by Daphne Barak-Erez. Madison, WI: The University of Wisconsin Press, 2007. 188pp. Cloth. $45.00. ISBN: 9780299221607.
Reviewed by Martin Edelman, Department of History, Philosophy, and Political Science, Kingsborough Community College, CUNY. Email: me354 [at] albany.edu.
Daphne Barak-Erez has written a detailed case study of the complex interplay of law and society. Her small volume clearly demonstrates the utility of such “thick” descriptions for understanding that interplay in any society. Professor Barak-Erez traces the fate of the laws banning the breeding, possession, and trading of pigs in Israel. At the end of the tale, we have not only learned a great deal about a particular society (in this case, Israel), we also recognize that a wise lawmaker (legislator or judge) must be aware of the ever-changing nature of the society he/she seeks to govern.
This particular narrative begins with a short summary of the historical Jewish abhorrence of pigs and pork products. The origins of the Jews are rooted in their religion which sustained a sense of peoplehood throughout their 2,000 year exile from their homeland. The Bible contains explicit prohibitions against eating pork that were extended by numerous traditional practices. Pig prohibitions thereby became a central characteristic of Jewish identity. The deep roots of this taboo were so strong that when Israel was established in 1948, even the secular Zionists thought that pigs and pork products were not appropriate in the Jewish State.
As a result, in 1956 and 1962, the Knesset (parliament) enacted laws prohibiting the raising and keeping of pigs and the sale of pork and pork products in the Jewish State. In order to accommodate the small Christian minority, specified areas were exempted. Barak-Erez points to three significant aspects of this endeavor. First, although the Orthodox religious parties were undoubtedly the catalyst for the laws, they were strongly supported by the secular Zionist parties. It was seen as part of the larger effort to instill a Jewish character in the new state. The support of noted nationalist leader, Menachem Begin was particularly striking, and the dominant Socialist-Labor Zionists of David Ben-Gurion saw pig prohibitions as a perfectly natural in a Jewish society. Second, from the outset, the secular Zionists were aware of the potential conflict between prohibitions rooted in religious law no matter how long incorporated in cultural traditions and modern conceptions of individual liberty. To avoid the appearance of imposing religious practices through state law, Jewish politicians of all types accepted the need to exempt Christian Israelis. Thirdly, the largest segment of the Israeli Arab population was simply invisible throughout the legislative process. Although Islam contains prohibitions against eating pork, the interests and concerns of Muslim Israeli were never discussed. Unfortunately, this has been the case in all too many aspects of Israeli politics. [*776]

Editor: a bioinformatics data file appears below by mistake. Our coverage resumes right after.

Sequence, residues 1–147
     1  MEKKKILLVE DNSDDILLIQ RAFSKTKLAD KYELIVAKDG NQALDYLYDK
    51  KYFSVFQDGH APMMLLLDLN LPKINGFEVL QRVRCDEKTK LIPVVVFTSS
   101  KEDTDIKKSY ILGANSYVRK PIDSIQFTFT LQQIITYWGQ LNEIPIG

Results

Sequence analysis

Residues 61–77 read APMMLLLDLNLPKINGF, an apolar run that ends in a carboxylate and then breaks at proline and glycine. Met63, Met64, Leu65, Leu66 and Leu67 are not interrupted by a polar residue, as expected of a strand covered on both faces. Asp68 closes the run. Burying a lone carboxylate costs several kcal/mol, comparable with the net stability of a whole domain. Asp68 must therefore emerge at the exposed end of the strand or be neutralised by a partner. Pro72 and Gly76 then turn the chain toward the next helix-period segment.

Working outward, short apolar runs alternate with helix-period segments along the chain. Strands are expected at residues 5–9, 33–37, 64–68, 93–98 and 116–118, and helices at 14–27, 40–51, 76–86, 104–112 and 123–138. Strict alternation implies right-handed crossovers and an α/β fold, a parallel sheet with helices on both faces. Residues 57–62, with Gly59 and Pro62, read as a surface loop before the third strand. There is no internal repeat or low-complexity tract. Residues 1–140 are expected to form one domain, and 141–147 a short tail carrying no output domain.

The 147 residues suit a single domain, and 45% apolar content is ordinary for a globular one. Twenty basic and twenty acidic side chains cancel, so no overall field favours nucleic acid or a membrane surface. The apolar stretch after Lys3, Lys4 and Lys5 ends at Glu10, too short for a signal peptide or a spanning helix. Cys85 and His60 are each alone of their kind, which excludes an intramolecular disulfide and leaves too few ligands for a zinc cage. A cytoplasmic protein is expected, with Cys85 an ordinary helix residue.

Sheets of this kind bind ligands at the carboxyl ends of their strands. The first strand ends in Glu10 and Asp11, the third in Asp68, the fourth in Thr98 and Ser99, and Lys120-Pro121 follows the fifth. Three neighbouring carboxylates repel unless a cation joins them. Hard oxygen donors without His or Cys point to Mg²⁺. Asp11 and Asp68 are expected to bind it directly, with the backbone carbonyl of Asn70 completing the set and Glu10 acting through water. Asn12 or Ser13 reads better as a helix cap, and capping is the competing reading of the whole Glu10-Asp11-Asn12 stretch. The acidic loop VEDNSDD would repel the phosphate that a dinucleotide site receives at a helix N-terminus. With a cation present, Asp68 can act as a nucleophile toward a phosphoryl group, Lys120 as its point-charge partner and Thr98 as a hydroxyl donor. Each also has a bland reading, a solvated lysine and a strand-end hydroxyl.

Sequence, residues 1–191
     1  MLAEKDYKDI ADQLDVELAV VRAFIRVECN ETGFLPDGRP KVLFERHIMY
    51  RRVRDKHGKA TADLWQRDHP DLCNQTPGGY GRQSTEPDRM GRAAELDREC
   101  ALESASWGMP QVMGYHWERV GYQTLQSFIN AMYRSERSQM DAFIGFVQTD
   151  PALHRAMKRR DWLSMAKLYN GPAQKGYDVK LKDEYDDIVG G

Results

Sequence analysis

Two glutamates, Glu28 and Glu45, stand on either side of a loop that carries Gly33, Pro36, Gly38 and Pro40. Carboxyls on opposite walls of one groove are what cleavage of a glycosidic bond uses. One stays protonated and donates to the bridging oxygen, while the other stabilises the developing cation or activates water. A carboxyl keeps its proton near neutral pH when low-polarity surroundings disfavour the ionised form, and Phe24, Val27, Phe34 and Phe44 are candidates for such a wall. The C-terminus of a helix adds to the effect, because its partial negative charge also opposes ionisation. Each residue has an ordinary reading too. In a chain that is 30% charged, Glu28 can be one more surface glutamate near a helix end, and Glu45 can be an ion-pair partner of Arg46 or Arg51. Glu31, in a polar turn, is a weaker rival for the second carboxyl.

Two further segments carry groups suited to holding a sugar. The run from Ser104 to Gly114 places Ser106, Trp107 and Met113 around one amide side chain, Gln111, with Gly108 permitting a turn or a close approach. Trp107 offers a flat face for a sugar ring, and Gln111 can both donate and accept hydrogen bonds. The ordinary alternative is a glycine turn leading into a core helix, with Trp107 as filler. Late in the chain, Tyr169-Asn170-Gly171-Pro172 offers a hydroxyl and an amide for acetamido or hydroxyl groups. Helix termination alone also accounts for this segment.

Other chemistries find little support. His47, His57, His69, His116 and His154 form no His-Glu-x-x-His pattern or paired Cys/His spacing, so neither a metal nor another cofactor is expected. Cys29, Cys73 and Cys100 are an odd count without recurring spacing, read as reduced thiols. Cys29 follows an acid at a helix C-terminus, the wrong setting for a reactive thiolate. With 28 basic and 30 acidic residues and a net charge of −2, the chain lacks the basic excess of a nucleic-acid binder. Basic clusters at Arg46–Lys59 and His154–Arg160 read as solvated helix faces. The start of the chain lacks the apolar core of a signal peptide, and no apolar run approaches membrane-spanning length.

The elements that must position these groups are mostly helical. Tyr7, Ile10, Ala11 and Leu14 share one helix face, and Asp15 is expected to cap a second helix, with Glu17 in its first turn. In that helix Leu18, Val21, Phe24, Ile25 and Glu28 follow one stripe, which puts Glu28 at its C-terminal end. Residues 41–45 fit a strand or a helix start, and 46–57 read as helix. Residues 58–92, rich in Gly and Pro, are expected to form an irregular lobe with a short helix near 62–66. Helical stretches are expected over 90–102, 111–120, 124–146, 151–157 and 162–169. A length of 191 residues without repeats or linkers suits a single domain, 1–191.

After a flurry of litigation involving implementation of the pig prohibitions, a tolerable accommodation emerged. It was facilitated by Israel’s segmented residential patterns. Pork was available in Christian communities but not in Moslem areas. In non-Orthodox Jewish cities and neighborhoods, nonkosher butcher shops frequently sold the “other white meat;” in Orthodox areas pork was unavailable. As a result, “during the 1970s, not a single case dealing with pig prohibitions reached [the readily accessible] Supreme Court” (p.69).
The absence of this litigation was part of a broader socio-political pattern in Israel known as the “religious status quo.” Neither the majority of non-Orthodox Jews nor the 20% to 25% who were Orthodox challenged the religion-state arrangements that had been brokered by the Israeli political leadership. In the 1980s, however, the status quo began to crumble. A new political culture that emphasized individualism emerged among non-Orthodox Jewish Israelis. They began to see the pig prohibitions as limitations on their freedom of choice, a constraint that was imposed upon them by state mandated religious norms. In this context, the pig prohibitions were seen as violations of their freedom to believe. Simultaneously, within the political system itself, the Orthodox parties had come to play a decisive role in the cabinet coalition process. Part of the price they demanded for supporting one or another secular party was that Government policies in the Jewish State more closely conform to the norms of Orthodox Judaism. In this context virtually all Jewish Israelis came to see pig prohibitions solely in religious terms rather than as a matter of enhancing the national culture.
The enactment, in 1995, of two Basic Laws on human rights essentially institutionalized the conflict over pig prohibitions, but it did not resolve it. Pig prohibitions remain a highly contested issue about the role of Orthodox Judaism in the state. Like so many other issues, it became part of the struggle within Israel to define the nature of that society. Herein lies the value of Barak-Erez’s case study. It provides a window into that ongoing struggle as it plays out in the political and legal arena.
© Copyright 2007 by the author, Martin Edelman.